Unlike Singapore, where the cash card is virtually owned by the Singapore Government, T&G in Malaysia is privately owned. This leads to an interesting question; If that Company which owns T&G is wound-up, who owns the money paid by the consumer of the T&G (but yet to be credited)?

So if you have RM100 balance in your T&G card, and if the owner Company collapses tomorrow, do you have a claim over that RM100 or, can the Receiver/Liquidator of that Company claim that the unused credit belongs to T&G?

Using the concept in Law of Trust, particularly Resulting Trust; it is likely that the said money should be returned to you. The logic would be that the PURPOSE and INTENT of that money paid to T&G is for you to use the services of T&G. So until such time you use that services, the money you paid is merely an upfront money, which is basically kept on Trust by that company. So long as you have not used T&G's services, it can be contended that the said money is still yours.

*kindly take note, this is merely an academic example, for purposes of discussion and understanding of the Law of Trust, particularly the concept of Resulting Trust. In no way are we insinuating that Touch & Go or any company related to it is wound up or will be wound up.

15 April 2011

Putik Lada : Malaysia, Our Unique Home!

TO over 20 million people, Malaysia is home. In this home, we have beautiful beaches, exotic islands and gorgeous landscape.
Our country is blessed with natural beauty.
If we wish to have a beautiful holiday on a beautiful island, we have Langkawi, Pangkor, Tioman and Sipadan, among others.
If we wish to scale the highlands of the country, Mount Kinabalu is waiting for us to conquer.
Taman Negara awaits the adventurous ones to come hike and camp.
We have our own casinos like those at Vegas. We have beautiful towers as well as the tallest twin towers, in Kuala Lumpur.
From Penang to Johor Baru; from Kota Kinabalu to Kuching, we find beautiful colonial and old buildings built by our forefathers.
Food is special in Malaysia.
The mix of all the races in the country makes our own “rojak” when it comes to food.
And yes, we all love our Malaysian food. When we go abroad, we will always miss our food.
If a foreign friend asks for an honest description of our country, the above will probably be what you will tell the friend.
However, since the friend requested an “honest description” of our country, we cannot stop at just culture, food and nature.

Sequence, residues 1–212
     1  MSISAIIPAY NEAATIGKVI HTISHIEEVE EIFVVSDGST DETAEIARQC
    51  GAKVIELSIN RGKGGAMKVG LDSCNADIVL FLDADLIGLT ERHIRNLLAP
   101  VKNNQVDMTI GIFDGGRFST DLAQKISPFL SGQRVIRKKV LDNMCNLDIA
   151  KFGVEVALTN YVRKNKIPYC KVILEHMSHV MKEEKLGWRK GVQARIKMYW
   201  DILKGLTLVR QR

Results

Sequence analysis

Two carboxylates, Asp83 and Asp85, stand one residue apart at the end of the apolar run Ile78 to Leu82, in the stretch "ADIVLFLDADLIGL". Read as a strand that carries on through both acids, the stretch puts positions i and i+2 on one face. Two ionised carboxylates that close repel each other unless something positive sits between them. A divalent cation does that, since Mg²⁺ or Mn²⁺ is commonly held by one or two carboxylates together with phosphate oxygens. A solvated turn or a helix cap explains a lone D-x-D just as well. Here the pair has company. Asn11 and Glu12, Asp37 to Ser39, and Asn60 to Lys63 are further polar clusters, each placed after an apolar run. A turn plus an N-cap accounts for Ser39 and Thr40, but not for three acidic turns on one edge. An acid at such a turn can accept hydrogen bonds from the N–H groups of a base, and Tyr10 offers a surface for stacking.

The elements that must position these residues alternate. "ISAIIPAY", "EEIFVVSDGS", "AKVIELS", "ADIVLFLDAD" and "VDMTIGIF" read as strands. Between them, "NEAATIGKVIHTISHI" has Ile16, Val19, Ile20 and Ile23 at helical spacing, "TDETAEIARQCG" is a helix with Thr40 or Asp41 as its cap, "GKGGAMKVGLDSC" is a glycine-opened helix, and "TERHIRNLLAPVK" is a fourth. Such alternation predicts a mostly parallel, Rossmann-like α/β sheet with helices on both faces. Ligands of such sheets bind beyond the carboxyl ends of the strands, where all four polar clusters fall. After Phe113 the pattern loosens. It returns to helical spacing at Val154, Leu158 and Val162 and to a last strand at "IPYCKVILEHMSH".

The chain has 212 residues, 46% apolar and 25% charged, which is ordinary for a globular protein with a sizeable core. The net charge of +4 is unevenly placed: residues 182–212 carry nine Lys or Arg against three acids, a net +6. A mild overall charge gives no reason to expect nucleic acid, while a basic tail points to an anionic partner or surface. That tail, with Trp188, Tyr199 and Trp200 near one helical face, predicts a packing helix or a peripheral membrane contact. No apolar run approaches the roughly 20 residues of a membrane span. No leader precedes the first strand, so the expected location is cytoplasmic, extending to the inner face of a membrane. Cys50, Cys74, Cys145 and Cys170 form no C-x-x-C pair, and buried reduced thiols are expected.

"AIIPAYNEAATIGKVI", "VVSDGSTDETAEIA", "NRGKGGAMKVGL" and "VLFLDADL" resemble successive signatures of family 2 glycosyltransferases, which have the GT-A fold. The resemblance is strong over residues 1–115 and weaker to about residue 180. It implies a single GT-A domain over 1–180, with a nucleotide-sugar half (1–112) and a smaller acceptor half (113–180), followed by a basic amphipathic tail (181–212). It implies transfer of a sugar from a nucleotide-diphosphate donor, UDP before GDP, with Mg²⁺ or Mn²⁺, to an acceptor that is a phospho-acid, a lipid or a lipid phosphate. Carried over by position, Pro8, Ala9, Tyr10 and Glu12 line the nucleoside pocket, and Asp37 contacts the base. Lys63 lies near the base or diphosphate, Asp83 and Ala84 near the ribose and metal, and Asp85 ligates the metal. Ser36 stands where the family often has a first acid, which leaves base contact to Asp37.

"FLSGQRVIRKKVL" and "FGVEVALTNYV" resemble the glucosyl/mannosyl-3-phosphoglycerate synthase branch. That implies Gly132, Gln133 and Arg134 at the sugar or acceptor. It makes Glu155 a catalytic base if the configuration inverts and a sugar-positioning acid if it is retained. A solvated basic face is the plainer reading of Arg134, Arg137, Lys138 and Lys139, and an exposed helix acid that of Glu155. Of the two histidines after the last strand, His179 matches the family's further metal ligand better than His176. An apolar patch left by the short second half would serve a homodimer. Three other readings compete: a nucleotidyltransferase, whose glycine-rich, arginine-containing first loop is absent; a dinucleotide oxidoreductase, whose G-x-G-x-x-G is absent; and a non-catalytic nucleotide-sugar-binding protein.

We ought to inform the friend of our system and people, too.
This is where our discussions may vary and change.
We ought to inform our foreign friend that in Malaysia, politics and the system of administration are big issues.
Almost every day, news on these topics will be reported.
To the foreigner reading such news, it would appear that while we are united in our love for our food and our natural beauty, we are, however, not united on many issues in this country.
This is of course normal, as no country in the world has a population entirely united in all views.
A real concern of Malaysians today is not just the difference in views, but rather, the attempts by certain groups in Malaysia to divide the people and instigate a clash.
We see people who constantly attack and bully others.
Talk-down or fiery comments are made without responsibility and care for the feelings of the other person.
It is fine if people cannot agree, but it is another thing to speak in confrontational and intimidating tones.
While people may be free to speak, as they have freedom of speech, this freedom comes with responsibility and accountability.
It is odd that while our Prime Minister strives for a united country via his 1Malaysia concept, there are people who choose to divide the country with their divisive views.
Back to this “honest description” to the foreign friend.
A description of our country would also not be complete without detailing our love for sports.
Thousands will watch a local football match, and our world-class badminton and squash champions.
When we meet, other than politics, sports is certainly one subject Malaysians love to discuss.
We have our own Formula 1 team.
It hasn’t won a race yet, and it does spend quite a large chunk of money (some from taxpayers), but the fact is we have our own Formula 1 team. We ought to inform our foreign friend of the many sports facilities we have in Malaysia.
Some are not well maintained, but the fact is, we have those facilities. Perhaps in time we will improve on the maintenance aspect.
Our great infrastructure must also be mentioned – the highways, the airports and the trains that traverse all over peninsular Malaysia.
Of course our roads have many potholes, our luggage sometimes get lost at our airports and our trains sometimes break down, especially the LRT in Kuala Lumpur; but the fact remains, we have these facilities.